Oct 10

Neither Niese Nor Gee Will Bring A Bat; Not Even Together

I read several articles, both on blogs and in the mainstream media, debating whether the Mets should trade either Jon Niese or Dillon Gee in an attempt to add a power bat, preferably to play left field.

There’s a flaw here, namely in the belief either pitcher could bring a bat in return. That won’t happen as neither has a track record that would have another team salivating. Even if you packaged them both it wouldn’t be enough to get them a masher.

To get a slugger, the Mets would have to add considerably to the package and include one of their young arms. Niese’s trade value is limited and Gee’s isn’t any better. Getting a slugger would entail giving up much more, and even then there’s the matter of extending the contract of the hitter.

The Mets currently aren’t inclined to give up their young pitching and not willing to sign a hitter, whether it be a free agent or one included in a trade, to a long-term, contract in the $100 million range. That’s not their mindset, so subsequently don’t be surprised if next year’s team resembles the 2014 model.

The Mets’ current thinking is hoping for Matt Harvey’s return, Zack Wheeler’s development and a bounce-back year from David Wright.

Aug 11

Say good bye to Francoeur

One of the waiver deals I can see the Met pulling off this month is unloading Jeff Francoeur. A team needed outfield depth and a right-handed bat could use Francoeur down the stretch.

Since the odds of him being tendered a contract for next year are small, the Mets should be thinking about selling whenever possible, and that includes Francoeur.

Jul 29

I can’t believe they walked Pujols.

Prior to every series, the manager and his coaches go over the opposition’s lineup and pick a player they won’t let beat them. He’s a player you don’t pitch to unless you absolutely need to. Albert Pujols is such a player.

Given that, Jerry Manuel’s decision to pitch to Pujols boggles the mind. That he wasn’t swinging the bat well doesn’t matter. He’s Pujols. You walk him.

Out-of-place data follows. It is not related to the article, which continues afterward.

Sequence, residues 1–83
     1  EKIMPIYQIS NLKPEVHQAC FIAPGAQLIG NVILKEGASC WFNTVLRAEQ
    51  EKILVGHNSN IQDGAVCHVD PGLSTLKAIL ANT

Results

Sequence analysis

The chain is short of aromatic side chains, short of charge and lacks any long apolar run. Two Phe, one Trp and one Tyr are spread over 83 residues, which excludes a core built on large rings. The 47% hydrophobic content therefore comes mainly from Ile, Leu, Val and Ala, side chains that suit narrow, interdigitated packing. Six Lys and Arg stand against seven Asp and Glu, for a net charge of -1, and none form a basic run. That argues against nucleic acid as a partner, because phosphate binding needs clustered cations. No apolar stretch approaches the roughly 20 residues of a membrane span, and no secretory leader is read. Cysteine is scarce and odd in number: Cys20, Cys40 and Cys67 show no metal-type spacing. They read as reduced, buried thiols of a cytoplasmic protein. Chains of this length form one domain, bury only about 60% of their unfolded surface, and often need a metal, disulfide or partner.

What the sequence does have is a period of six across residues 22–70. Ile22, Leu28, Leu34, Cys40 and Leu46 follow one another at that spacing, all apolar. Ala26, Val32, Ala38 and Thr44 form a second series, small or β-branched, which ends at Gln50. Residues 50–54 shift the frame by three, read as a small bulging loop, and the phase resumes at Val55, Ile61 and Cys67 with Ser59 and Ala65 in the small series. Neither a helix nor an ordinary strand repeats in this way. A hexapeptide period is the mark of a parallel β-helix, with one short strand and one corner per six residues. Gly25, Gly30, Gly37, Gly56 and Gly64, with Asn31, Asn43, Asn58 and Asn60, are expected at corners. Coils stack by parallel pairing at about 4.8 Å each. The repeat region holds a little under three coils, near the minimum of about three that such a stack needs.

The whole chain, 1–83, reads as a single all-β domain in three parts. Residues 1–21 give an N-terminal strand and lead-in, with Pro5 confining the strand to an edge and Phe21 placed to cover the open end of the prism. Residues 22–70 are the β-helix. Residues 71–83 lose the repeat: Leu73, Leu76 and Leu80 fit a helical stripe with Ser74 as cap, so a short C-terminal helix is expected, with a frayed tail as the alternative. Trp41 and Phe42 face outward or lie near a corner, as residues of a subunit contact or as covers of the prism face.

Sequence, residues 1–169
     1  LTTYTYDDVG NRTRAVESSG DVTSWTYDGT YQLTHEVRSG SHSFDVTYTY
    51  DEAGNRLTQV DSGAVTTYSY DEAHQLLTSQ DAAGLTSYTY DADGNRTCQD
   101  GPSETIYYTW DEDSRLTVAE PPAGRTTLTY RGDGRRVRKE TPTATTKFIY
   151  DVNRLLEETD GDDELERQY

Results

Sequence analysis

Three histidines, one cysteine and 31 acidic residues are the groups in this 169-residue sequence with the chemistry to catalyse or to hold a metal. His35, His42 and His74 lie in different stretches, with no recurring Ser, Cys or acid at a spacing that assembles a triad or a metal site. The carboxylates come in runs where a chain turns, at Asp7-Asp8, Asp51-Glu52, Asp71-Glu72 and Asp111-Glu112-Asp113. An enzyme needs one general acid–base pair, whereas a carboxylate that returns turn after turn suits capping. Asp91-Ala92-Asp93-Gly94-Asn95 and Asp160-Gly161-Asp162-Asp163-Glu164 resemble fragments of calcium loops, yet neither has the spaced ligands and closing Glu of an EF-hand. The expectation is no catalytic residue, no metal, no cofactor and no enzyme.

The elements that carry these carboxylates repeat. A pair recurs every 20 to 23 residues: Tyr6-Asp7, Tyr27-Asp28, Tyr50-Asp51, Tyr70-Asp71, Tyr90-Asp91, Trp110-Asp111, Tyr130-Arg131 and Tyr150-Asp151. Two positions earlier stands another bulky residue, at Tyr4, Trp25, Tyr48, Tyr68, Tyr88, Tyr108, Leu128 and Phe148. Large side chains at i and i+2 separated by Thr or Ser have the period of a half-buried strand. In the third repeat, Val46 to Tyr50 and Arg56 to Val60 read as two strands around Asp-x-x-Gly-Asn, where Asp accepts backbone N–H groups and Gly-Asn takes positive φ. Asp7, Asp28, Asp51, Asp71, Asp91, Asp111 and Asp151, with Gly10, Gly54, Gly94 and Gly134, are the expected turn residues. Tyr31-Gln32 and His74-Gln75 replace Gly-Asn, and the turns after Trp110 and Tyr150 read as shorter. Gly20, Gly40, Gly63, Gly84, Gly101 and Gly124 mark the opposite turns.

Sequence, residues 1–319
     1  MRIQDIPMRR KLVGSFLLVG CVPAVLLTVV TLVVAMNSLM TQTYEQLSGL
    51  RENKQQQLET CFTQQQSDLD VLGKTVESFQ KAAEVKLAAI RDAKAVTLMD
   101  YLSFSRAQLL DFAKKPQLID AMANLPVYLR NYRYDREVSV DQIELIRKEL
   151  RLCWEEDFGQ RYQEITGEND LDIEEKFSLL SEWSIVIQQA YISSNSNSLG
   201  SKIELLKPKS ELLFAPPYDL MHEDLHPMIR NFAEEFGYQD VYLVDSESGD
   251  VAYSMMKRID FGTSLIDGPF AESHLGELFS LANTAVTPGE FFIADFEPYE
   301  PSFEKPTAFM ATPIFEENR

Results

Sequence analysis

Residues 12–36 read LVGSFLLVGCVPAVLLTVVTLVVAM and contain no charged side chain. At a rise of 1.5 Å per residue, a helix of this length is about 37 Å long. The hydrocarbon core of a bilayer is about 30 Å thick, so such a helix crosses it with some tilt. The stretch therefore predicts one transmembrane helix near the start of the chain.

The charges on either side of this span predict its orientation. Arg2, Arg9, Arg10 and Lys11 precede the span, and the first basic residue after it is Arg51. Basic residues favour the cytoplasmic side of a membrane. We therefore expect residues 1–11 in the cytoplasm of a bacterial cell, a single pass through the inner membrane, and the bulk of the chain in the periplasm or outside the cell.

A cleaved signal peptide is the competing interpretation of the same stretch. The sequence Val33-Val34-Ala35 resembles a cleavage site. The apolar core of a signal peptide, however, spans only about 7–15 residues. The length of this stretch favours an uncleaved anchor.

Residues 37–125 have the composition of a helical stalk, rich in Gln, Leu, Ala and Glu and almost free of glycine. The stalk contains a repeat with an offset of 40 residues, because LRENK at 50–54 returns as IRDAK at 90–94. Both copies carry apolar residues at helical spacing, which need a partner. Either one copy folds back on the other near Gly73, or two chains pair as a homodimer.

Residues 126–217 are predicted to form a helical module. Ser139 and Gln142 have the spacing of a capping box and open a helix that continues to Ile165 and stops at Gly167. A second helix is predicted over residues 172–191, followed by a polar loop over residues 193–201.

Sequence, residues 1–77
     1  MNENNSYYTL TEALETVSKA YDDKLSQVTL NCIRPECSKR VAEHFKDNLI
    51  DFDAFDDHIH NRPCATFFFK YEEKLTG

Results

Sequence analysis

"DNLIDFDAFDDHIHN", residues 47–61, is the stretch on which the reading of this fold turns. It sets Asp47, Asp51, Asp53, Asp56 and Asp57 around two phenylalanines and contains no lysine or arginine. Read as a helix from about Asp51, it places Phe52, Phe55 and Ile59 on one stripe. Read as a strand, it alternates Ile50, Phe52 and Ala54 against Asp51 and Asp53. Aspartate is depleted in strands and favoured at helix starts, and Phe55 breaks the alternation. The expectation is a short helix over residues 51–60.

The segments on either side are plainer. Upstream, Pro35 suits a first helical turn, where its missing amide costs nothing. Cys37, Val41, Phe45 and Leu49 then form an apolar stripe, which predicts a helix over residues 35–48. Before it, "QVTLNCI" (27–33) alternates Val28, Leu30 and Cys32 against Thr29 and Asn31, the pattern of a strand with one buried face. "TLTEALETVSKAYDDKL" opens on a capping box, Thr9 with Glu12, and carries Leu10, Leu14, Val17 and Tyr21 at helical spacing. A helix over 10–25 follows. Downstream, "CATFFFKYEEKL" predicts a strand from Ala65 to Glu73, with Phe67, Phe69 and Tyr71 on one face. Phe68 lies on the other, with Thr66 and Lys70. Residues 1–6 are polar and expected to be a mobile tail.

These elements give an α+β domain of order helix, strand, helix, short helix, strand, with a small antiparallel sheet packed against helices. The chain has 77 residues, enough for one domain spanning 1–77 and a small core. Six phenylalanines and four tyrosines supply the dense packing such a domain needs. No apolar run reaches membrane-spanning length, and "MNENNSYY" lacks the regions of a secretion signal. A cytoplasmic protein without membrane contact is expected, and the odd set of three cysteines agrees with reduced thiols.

Jul 16

Plenty of blame to go around on Reyes fiasco.

REYES: On the shelf.

Maybe this time they are getting it right.

Better late than never, but the Mets say they are now shutting down Jose Reyes until he’s able to swing pain free from both sides of the plate. The decision came as the outcome of last night’s pre-game circus that first had Reyes in the lineup, and then scratched with the news he’ll be put on the shelf.

The ringmaster of the circus, of course, is Jerry Manuel, who has irresponsibly bungled this from the outset.

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Jul 14

Reyes a question as second half opens.

REYES: Needs to come back only when he's ready.

The second half begins with Jose Reyes’ strained oblique a pertinent question, and all because the Mets foolishly tried to rush him back into the lineup.

After treating his thyroid issue with kid gloves, Jerry Manuel did the opposite with Reyes, letting him bat right-handed against righty pitching.

Reyes still can’t bat left-handed with confidence and the Mets should dismiss any thoughts of him playing tomorrow night at San Francisco.

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